After establishing the definition of expository preaching as an emphasis on a series from a Bible book, attention needs to be focused on the sermons in the series. Each sermon from the Bible book needs a preeminent concern for biblical content. Rather than concentrating on the length of text and the source for points and subpoints from the text, the concern for each text and sermon should focus on the text's original meaning and its meaning for today's hearers of the text. The emphasis on a series of sermons either consecutively or selectively comes from one of the morphological meanings of expository preaching, and the concern for content in each sermon in the series comes from both the etymological and substantive meaning of expository preaching.
The etymological meaning of expository mentioned earlier in this chapter is "to expose", or "lay open", the meaning of the Word of God in a particular text. The concern for content leads the expository preacher to find biblical truths in texts and then to expose them to contemporary hearers. In each sermon "listeners are enabled to see how their world, like the biblical world, is addressed by the word of God and are enabled to respond to that word." Exposing truth from texts requires serious study of the text. Finding out what the text meant allows the preacher to expose what the text means. Donald G. Miller emphasized the concern for content when he wrote: "Expository preaching is an act wherein the living truth of some portion of Holy Scripture, understood in the light of solid exegetical and historical study, and made a living reality to the preacher by the Holy Spirit, comes alive to the hearers as he is confronted by God in Christ through the Holy Spirit in judgment and redemption."
Harold E. Knott also wrote of expository preaching along the lines of content when he said, "The expository sermon is an effort to explain, illustrate, and apply the Scripture to life.... Its purpose is to help the hearers to find in the sacred writings the true interpretation of life." Exposing truths from a text is no easy task; it takes discipline. What kind of study of the text is necessary for exposing truth? In the concern for context each text needs to be examined in the light of its historical background. Each text came from a historical event that involved both authors and readers, and these events and their historical environment need to be examined. Concern for content involves the disciplines of exegesis and interpretation. Simply stated now, but thoroughly studied later in this work, exegesis means to study words and word construction to see what the text meant to the original readers. Interpretation builds on exegesis and human experience to share what the text means today.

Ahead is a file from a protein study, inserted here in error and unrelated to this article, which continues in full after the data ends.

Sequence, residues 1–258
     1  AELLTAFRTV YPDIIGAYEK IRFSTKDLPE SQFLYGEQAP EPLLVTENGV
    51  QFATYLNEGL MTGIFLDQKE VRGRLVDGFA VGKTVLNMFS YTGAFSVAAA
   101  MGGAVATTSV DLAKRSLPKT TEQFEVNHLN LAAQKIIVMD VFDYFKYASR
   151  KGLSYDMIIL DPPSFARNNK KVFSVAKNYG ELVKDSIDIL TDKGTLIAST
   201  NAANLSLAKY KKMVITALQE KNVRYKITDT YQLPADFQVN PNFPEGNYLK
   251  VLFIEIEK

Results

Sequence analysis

Sometimes in the morphological concept of expository preaching, a particular kind of form searches for content. In most cases in the etymological and substantive concepts, the content discovered by disciplined study of the text looks for a form to contain the content. In preparing individual sermons from a Bible book, the first concern should be the content. Every sermon in the series could be a treatment of a word, a phrase, a verse, a dozen verses, a chapter, or many chapters. Then the content is shaped into some form which leads us to discern the next aspect of the eclectic explanation of expository preaching. When biblical truth from a text has been discovered by means of rigid study and by illumination of the Spirit, the truth must be shaped and shared.
The definition of expository preaching as a series of sermons either consecutive or selective from a Bible book goes beyond a mere series to a concern for content and an emphasis on freedom of form. More modifications may be needed in the area of form, especially in the length of the text and in the style of structure. Many definitions of expository preaching emphasize rigidity in these two areas. The definition of expository preaching proposed in this work continues to be eclectic. To preach effectively from a Bible book, freedom of form is necessary. No preacher needs to prepare for a series of sermons from a Bible book with the presupposition that for every sermon to be expository it must have a text longer than three verses. Nor does the preacher need to be handicapped with the presupposition that every sermon must have points and subpoints coming directly from each text.
Homiletical freedom allows the expository preacher to choose texts from a Bible book of various lengths. As previously stated, sermons from the series may be based on a word, a phrase, a verse, two or three verses, a short paragraph, a long paragraph, several paragraphs, a chapter, several chapters, or an entire Bible book. To make every sermon from a Bible book based on the same length of text seems to be too rigid, thus more freedom for different lengths needs to be considered. In plotting a series of sermons from a Bible book, several text lengths may appear. Generally speaking, the shape of a Bible book often determines the length of the texts. In some books long narratives involving several chapters may be the basis for a sermon, while in that same book one word or one sentence may be used as the text. For example, in a series from a Bible book, text lengths could range from words, phrases, sentences to small or long paragraphs. The predominant emphasis of this phase of the eclectic explanation of expository preaching is to be free to choose texts of various lengths.